LOS ANGELES — Turmoil in Michael Jackson’s family continued Tuesday as a feud that has engulfed the singer’s mother and children continued to play out in online posts, on national television and in a videotaped driveway confrontation that authorities continue to investigate.
It should perhaps be no surprise that a family that has spent decades in the spotlight is airing its troubles in public, but the dispute has left many, including estate executors, worried.
“We are concerned that we do what we can to protect them from undue influences, bullying, greed, and other unfortunate circumstances,” executors John Branca and John McClain wrote in a letter posted on fan sites hours after deputies responded to a family disturbance at the hilltop home where Katherine Jackson and her three grandchildren live.
“They know that they’ve been caught, they know that they’ve falsified a document and they know that there are questions that we want answered,” Randy Jackson told the Rev. Al Sharpton on Sharpton’s MSNBC show. “This family is united to right a wrong.”
He accused the estate of trying to keep the family’s disagreements at the forefront to deflect attention away from questions about the will.
Jackson’s estate has denied all claims of wrongdoing, calling questions about the will and allegations against the executors “false and defamatory accusations.”
The executors hinted that further action may be taken to protect the singer’s children.
Michael Jackson’s only daughter, Paris, has posted updates in recent days on Twitter, including her displeasure with not being allowed to speak with her grandmother for more than a week. On Tuesday, she wrote, “9 days and counting… so help me god I will make whoever did this pay.”
Katherine Jackson was reported missing over the weekend but later found to be with her daughter Rebbie and other relatives in Arizona. She has not spoken to her grandchildren — Prince, Paris and Blanket — since leaving the Los Angeles area July 15.
And while all this is going on, Jackie, Marlon and Tito, along with brother Jermaine, are on an international comeback concert tour. Their “Unity” tour began June 20 in Ontario, Canada, and winds up July 29 in Snoqualmie, Wash.
Meanwhile, Los Angeles County Sheriff’s Department spokesman Steve Whitmore said deputies continue to investigate the altercation that took place Monday afternoon in Calabasas, but he said there were no indications it involved the singer’s children. He said the incident involved two adult males but declined to identify them further. A battery case may be presented to prosecutors, but Whitmore added that decision has not yet been made.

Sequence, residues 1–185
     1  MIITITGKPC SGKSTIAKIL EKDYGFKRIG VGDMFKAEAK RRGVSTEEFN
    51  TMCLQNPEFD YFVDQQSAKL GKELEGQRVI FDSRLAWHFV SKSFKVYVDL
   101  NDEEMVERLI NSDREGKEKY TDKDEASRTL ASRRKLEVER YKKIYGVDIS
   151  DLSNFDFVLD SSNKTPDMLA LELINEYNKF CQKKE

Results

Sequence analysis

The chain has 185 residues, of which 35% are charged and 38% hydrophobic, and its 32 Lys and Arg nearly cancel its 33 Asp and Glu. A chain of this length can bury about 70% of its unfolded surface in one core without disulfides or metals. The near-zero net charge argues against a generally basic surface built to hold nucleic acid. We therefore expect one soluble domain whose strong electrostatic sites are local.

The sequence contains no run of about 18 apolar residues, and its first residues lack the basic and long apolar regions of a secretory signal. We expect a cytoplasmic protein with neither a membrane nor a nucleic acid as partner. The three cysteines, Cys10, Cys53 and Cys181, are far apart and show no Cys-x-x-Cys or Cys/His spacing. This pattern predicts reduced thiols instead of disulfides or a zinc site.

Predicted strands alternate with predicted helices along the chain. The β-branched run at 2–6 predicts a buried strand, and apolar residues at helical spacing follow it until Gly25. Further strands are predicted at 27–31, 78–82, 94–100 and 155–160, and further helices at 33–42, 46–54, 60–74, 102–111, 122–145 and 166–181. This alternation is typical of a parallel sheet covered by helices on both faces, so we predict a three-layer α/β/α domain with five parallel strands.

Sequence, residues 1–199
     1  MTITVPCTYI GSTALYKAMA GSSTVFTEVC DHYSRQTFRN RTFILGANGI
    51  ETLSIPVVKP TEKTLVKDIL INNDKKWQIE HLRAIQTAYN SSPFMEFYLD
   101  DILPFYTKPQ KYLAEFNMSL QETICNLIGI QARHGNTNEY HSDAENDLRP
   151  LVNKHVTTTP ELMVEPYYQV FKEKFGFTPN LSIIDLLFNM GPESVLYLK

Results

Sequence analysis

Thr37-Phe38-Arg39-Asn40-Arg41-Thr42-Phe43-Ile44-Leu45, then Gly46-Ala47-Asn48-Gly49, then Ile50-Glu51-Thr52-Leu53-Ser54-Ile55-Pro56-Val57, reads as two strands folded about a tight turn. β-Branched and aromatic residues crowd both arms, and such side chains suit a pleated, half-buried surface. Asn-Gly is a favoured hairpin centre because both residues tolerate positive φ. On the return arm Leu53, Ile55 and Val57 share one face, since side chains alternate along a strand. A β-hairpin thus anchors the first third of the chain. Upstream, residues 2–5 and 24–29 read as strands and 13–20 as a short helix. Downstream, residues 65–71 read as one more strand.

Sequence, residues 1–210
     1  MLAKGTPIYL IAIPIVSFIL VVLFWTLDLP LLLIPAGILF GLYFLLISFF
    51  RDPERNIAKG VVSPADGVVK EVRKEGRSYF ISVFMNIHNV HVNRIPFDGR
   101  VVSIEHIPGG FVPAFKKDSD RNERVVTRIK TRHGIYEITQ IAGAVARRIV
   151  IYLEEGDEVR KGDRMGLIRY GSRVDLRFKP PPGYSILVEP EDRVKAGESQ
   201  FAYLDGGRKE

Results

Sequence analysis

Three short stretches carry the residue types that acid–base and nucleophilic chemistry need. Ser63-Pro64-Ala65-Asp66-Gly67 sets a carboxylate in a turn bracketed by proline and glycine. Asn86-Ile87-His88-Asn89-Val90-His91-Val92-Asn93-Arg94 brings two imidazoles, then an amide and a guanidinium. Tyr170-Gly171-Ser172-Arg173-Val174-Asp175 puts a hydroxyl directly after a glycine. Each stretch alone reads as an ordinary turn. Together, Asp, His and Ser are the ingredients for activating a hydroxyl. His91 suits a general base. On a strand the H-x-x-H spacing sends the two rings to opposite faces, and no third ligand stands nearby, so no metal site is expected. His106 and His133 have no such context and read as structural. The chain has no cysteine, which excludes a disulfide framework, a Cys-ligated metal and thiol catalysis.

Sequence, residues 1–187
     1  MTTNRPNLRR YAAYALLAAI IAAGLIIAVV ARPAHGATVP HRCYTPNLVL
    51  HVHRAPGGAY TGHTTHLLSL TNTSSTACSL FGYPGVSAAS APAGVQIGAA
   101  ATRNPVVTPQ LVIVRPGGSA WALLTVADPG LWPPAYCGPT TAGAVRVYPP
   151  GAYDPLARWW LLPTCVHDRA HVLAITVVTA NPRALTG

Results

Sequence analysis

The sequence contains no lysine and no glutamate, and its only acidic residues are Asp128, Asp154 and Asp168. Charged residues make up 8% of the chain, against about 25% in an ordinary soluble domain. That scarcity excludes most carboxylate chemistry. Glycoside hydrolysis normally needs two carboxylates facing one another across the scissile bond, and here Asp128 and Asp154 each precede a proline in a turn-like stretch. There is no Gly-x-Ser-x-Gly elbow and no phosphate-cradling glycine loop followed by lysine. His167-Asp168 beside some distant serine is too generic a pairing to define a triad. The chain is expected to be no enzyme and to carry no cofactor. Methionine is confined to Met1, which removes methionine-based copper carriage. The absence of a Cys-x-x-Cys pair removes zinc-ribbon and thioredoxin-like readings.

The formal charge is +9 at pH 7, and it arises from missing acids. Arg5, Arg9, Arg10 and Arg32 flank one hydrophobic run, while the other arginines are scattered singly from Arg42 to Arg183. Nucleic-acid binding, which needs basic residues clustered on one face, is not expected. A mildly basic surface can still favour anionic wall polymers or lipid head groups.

Randy Jackson said he and brother Jermaine and sister Janet went to the home in Calabasas on Monday to invite his brother’s older children, Prince and Paris, to join their grandmother in Arizona. Security footage of the incident was obtained by “Good Morning America” and celebrity website TMZ.
Jackson died in June 2009 at age 50 and left his estate to care for his mother and three children. He left nothing to his father or siblings, who have repeatedly tried to intervene in the estate. Several have expressed doubts about the validity of his will, but they have never mounted a formal court challenge.
He said deputies interviewed Katherine Jackson after a family business associate warned authorities that she was possibly being emotionally abused by a family member. Whitmore said the elder Jackson emphatically denied the accusations.
He said an abundance of caution has investigators still looking into claims that Katherine Jackson is the subject of financial abuse.
The estate and Katherine Jackson’s guardianship of the children are supervised by a probate judge. The judge recently received a financial summary showing that Michael Jackson’s estate has earned $475 million in gross profits since his death, and many of his major debts have either been resolved or are no longer delinquent.
The singer died with more than $500 million in debt.
Janet, Jermaine and Randy Jackson were joined by siblings Tito and Rebbie in a letter leaked last week, calling on Branca and McClain to resign and accusing them of manipulating their mother. The letter also claims that Jackson’s will is invalid.
The estate has denied the accusations, and no challenge to the executors has been filed in court.
It appeared Tuesday that the battles would continue for the near future.
“This is not going to go away,” Randy Jackson predicted.
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